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Preventing Moisture-Related Problems in Residential Wood Framing

November 2007
Advertorial course provided by WoodSmart Solutions, Inc.

By Jeanette Fitzgerald

Continuing Education

Use the following learning objectives to focus your study while reading this month’s Continuing Education article.

Learning Objectives - After reading this article, you will be able to:

  1. Explain the moisture-related problems that plague wood frames in homes and multi-dwelling units.
  2. Describe three preventative treatments that protect wood frames from mold, fungi rot, and termites.
  3. Compare and contrast preventative treatments with regard to environmental impact, ease of installation, and influence to the wood components.

Credits: 1.00 HSW

This test is no longer available for credit

There is a popular phrase in the construction industry, "Don't worry about the problems you can see, worry about the problems you can't." This is especially true when discussing moisture-related problems such as mold, fungi rot, and termites. The seeds of potential moisture problems are present in rainfall and humidity during the construction process and then released daily into the air through cooking, showers, and air conditioning. Unfortunately, these problems can begin to develop deep within the structure of the home behind layers of plaster and drywall, underneath tile and linoleum, or growing unnoticed in attics and basements. The scale of the problem and, subsequently, the cost of the repair are exponentially larger by the time the greenish-black fuzz creeps into plain view or a homeowner's foot breaks through the floor in their kitchen nook.

Beyond the significant impact to the physical structure, moisture-related problems can dramatically affect the health of homeowners and their guests. Allergic reactions, flu-like symptoms, rashes, asthma, air illness, and even deaths have been caused by uncontrolled moisture that creates an environment ripe with molds and toxins that infect the indoor air quality day after day.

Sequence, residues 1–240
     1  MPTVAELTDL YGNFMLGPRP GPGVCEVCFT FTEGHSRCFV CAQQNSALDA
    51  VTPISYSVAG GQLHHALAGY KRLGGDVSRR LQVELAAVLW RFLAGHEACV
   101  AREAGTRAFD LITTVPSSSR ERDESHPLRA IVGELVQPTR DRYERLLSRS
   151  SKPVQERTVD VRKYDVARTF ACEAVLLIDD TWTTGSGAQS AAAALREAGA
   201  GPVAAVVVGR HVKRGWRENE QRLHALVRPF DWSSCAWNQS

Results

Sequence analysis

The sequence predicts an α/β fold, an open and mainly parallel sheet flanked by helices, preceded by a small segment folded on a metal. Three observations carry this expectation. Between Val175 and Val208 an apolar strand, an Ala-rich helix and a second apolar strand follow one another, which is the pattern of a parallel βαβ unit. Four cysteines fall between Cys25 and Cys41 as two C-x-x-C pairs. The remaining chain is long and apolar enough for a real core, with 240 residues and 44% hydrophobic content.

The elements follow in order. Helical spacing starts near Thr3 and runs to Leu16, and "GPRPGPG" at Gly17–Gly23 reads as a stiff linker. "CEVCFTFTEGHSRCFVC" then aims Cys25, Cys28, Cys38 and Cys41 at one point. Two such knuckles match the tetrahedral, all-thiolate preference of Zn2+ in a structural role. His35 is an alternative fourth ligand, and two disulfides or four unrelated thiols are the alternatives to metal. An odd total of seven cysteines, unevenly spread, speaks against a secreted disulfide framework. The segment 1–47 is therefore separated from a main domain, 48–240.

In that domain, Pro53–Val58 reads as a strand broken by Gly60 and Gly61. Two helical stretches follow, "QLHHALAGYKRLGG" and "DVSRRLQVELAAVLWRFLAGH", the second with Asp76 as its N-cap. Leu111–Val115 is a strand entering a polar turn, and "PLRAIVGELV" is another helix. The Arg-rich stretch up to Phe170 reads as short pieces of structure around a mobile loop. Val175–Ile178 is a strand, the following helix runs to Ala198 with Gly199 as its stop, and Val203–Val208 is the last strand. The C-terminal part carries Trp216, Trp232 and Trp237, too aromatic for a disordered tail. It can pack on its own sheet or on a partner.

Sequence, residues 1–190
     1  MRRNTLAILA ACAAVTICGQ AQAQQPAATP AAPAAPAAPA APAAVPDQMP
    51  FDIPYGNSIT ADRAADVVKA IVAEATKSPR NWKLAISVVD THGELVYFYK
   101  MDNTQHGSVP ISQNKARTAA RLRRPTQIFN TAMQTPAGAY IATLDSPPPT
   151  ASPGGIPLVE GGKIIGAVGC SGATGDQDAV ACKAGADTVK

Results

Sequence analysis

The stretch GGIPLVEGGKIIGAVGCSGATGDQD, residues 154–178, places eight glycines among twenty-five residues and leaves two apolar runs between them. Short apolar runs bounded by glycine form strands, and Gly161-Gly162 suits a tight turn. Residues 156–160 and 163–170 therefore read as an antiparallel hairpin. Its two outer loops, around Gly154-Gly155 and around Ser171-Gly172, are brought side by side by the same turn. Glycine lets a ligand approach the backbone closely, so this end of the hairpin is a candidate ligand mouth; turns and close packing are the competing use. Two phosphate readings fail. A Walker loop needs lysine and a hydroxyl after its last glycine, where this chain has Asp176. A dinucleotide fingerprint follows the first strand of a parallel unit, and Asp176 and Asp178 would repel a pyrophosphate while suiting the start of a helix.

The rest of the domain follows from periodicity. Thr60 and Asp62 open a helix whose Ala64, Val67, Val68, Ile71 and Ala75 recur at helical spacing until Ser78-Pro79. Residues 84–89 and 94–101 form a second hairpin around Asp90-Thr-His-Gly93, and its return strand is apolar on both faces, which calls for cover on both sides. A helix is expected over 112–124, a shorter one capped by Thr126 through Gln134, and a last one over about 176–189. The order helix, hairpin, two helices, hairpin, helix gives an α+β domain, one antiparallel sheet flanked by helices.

There is an estimated $9-10 billion spent to correct construction defects each year. 80 percent of those defects are moisture-related. 41 percent of the moisture-related problems developed in the envelope of the building. There are two reasons for the prevalence of moisture-related problems growing in the internal structure of homes and multi-family dwellings. First, moisture is everywhere. Second, there are weaknesses inherent in the wood materials most commonly used for the building frame that make them susceptible to these problems.

Strengths and Weaknesses of Wood Framing

Today, untreated or white wood, in its many forms, is used throughout 95 percent of the residential and multi-family homes in the United States. Wood is a very popular building material for a wide variety of reasons. It is a readily available, replaceable, natural resource. It is also easy to work with, cost-efficient and available in different forms that offer varying degrees of flexibility, strength, and size.

The framing package of a house often includes dimension lumber, plywood, oriented-strand-board, and engineered wood products. Dimension lumber is a solid piece of wood often referred to simply by its dimensions, a 2x4, 2x8, etc. Plywood is thin layers of wood (plies) glued together and ordered by the number of plies, for example, 4-ply, 5-ply, etc. Oriented-strand-board (OSB) is created by compacting many 1-inch x 1-inch wood chips together. Engineered wood products (EWP) combine large wood chips and small wood chips to create the required board size. EWP supports more weight and structural load in floors and ceilings than the original dimension boards.

Moisture-related problems can begin deep in the envelope of a home, making them difficult to detect and expensive to correct.
All photos courtesy of WoodSmart Solutions, Inc.

Despite all of the reasons that wood has become such a popular framing material, there are significant weaknesses in untreated wood that make this material susceptible to moisture-related problems. Wood is an organic natural resource and, as such, occupies a spot in the food chain. Wood and the cellulose inside wood are a food source for decay fungi, mold, termites and other wood ingesting insects. It is also susceptible to dimensional instability, racks, splits and bows.

 

Originally published in the November 2007 issue of Architectural Record.
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